Everyone loves an interesting map!
If you’ve been to an event or worked with us on an easement in the past few years, chances are you’ve seen a map I’ve made. I started working with maps because I wanted to learn more about the world around me. They allow me to pair my interest in computers and data with a curiosity of the natural world, enabling me to gain a more integrated understanding different types of ecosystems, wildlife, and human changes to the land. This pairing really took off while I was a graduate student at the College of Charleston studying how to expand the Student Garden at Dixie Plantation so that it made better use of soils, water, and better fit the needs of the students and volunteers that worked there. Maps served as a visual that showed what the future of the Garden could look like and let us gather input back to refine the design. During this time, I became an intern at Lowcountry Land Trust (LLT) to further develop my skills in mapping and Geographic Information Systems (GIS). As an intern, I learned the basics of conservation easements, the Lowcountry landscape, and how powerful a tool GIS is for researching properties and understanding their ecosystems through data describing hydrology, types of habitats, endangered species, and more. As I became more experienced, I helped expand the map making repertoire at LLT and came on full time upon graduation. Mapping at LLT has evolved a lot over just the past few years. New datasets, techniques, and software platforms are making it easier and more accessible to all. Here we’ll take you through a brief tour of how we use maps and GIS at LLT, which is used throughout all of our program areas.
Conserving and Stewarding the Land
Our work begins with a landowner’s desire to conserve the place they love. We use GIS to visualize what they want for their land, what makes those places special, and how they want to conserve it for future generations. With this foundation, we create maps that showcase their property and capture the conservation values and associated public benefits it provides. We visit the property to document the boundaries, ecological features, and existing structures (such as houses, roads, sheds, etc…). These data are incorporated into a Baseline Documentation Report which captures the condition of the property when the conservation easement is granted.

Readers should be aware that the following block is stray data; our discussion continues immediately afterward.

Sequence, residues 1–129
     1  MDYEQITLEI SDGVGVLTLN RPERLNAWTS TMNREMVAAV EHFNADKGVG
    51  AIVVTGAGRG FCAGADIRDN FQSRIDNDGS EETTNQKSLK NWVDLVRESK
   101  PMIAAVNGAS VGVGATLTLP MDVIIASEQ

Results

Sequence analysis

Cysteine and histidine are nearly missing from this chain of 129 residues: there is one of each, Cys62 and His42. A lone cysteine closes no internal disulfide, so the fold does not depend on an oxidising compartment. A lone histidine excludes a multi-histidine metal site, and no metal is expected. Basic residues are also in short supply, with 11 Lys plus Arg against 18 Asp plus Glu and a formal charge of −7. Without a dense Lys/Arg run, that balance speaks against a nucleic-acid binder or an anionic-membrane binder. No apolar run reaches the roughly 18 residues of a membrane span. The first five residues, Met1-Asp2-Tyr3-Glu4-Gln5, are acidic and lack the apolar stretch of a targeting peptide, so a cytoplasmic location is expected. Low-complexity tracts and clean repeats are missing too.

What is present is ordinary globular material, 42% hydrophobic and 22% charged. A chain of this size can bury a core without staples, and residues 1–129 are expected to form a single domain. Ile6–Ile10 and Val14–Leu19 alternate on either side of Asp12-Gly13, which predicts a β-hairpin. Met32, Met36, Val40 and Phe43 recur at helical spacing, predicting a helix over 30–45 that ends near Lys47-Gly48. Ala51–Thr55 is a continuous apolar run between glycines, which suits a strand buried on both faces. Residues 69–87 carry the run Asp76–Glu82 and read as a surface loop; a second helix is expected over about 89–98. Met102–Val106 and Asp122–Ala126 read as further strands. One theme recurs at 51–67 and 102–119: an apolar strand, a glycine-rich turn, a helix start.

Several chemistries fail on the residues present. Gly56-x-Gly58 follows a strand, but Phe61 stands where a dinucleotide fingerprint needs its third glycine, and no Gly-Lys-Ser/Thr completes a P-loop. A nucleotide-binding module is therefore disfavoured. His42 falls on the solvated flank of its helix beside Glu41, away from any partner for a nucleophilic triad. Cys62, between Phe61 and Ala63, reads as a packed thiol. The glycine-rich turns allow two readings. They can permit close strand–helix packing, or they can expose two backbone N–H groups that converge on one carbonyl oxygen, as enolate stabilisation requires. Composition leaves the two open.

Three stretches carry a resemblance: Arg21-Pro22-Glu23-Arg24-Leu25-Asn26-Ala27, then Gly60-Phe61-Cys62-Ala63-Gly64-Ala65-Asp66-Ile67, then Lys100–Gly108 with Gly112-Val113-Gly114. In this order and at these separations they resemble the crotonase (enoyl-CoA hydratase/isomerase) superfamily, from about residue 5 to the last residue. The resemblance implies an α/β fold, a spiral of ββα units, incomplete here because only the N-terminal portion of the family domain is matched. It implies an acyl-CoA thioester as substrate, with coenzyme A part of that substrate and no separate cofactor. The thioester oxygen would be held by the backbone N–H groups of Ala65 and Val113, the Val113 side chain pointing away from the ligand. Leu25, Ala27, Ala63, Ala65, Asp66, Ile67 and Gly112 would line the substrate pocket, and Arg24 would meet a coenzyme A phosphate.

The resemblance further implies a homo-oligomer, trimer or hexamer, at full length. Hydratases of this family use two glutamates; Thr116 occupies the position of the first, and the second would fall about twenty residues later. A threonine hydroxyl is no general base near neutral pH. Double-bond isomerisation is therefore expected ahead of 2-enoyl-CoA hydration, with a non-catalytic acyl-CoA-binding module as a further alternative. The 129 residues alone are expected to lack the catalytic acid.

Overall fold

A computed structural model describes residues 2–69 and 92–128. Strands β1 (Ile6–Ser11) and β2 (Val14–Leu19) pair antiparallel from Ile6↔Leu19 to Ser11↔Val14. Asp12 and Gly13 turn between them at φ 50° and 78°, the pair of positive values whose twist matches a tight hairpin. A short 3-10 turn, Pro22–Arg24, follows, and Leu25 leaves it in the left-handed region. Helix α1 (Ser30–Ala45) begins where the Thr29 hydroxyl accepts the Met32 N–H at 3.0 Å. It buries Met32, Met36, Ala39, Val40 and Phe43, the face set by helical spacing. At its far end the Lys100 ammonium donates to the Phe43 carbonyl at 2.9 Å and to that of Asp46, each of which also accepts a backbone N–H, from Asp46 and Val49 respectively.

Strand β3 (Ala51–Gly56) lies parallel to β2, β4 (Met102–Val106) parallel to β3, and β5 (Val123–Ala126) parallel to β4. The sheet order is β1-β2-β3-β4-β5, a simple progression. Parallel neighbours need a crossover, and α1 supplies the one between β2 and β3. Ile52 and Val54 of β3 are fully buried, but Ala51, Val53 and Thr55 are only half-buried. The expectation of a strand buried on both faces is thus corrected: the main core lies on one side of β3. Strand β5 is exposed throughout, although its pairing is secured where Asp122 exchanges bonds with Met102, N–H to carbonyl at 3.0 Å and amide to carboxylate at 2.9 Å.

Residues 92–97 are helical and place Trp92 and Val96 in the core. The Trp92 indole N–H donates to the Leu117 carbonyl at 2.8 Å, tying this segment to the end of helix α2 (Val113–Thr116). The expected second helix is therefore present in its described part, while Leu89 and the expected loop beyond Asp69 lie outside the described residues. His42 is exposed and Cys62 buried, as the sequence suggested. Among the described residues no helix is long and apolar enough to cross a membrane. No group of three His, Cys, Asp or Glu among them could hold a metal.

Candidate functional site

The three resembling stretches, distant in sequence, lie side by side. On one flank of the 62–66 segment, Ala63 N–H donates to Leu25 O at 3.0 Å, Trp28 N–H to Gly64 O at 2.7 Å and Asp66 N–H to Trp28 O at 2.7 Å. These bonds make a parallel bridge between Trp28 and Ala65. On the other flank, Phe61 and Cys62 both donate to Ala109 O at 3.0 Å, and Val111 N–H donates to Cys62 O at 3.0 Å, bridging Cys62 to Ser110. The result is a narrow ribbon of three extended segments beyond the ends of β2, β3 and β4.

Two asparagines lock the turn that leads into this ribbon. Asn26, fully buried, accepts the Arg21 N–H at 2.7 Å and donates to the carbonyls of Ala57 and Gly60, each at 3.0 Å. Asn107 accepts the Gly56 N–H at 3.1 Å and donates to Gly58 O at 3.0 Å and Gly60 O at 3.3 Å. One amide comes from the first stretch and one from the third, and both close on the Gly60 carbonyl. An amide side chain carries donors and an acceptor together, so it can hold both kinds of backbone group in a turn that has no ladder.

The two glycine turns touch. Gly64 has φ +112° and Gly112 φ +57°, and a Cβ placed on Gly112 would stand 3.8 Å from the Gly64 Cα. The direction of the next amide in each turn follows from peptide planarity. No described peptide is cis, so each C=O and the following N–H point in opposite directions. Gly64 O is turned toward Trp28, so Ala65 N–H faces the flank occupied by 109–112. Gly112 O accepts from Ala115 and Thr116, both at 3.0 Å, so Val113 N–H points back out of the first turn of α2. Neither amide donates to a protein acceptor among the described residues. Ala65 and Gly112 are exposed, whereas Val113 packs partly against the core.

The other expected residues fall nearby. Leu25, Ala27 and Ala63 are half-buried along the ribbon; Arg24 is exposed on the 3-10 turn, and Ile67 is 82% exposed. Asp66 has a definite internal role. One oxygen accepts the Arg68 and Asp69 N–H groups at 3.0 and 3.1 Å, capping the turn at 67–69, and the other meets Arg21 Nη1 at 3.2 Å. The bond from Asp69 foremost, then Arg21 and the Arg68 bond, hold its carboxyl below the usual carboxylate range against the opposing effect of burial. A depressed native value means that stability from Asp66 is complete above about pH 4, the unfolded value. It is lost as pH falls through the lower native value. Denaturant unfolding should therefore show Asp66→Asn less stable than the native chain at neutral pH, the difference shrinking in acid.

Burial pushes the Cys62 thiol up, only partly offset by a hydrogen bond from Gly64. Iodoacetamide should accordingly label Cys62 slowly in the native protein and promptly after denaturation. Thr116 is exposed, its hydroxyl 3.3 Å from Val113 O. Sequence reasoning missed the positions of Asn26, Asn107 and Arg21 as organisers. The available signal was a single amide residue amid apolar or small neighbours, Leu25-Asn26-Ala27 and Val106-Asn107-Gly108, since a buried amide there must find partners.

Conservation easements are forever. Land Trust staff are required by law to have regular site visits to see that the conservation values remain intact, upholding the original intent of the easement. We use online and mobile platforms to document these annual visits, taking photos of the landscape to show changes over time, as well as photos of any new or improved structures. We also track our routes on each of our visits to ensure good coverage of the property.
Working with Landowners
Our responsibility to the land does not end with the easement donation and the yearly visit. Stewardship of our protected properties is based on building partnerships with our landowners. We work with landowners to get a shared understanding of their landscape and management philosophy. We learn the types of ecosystems and what plants and animals call it home. We help landowners develop management plans that fulfill their vision for the land. We also answer questions on how or why their land functions in a certain way – for example, modeling rainwater flow to gain insight on agricultural impacts.
Education and Outreach
LLT hosts a number of events throughout the year ranging from business summits, to picnics, and oyster reef builds. One of our goals at each of these events is to improve the public’s understanding of conservation: in a rapidly developing Lowcountry, why is conservation important, and how do we go about it? This means having a relatable map that you can put yourself into and that shows how you are interconnected within the broader landscape. Maps that ask the questions: How is my quality of life affected by the landscape? What places or things do I love that need protection? Maps are a powerful tool for seeing where your favorite place is and how it connects with the land around it.
These are a broad sampling of the ways we use maps and GIS data at Lowcountry Land Trust. Keeping with the pace of development, we strive to utilize available technology and apply innovative methods to balance growth and conservation. If you have any ideas for additional partnerships or perspectives that we should explore, we would enjoy hearing from you!
Interested in a map of your property? Contact Carl Taylor at email@example.com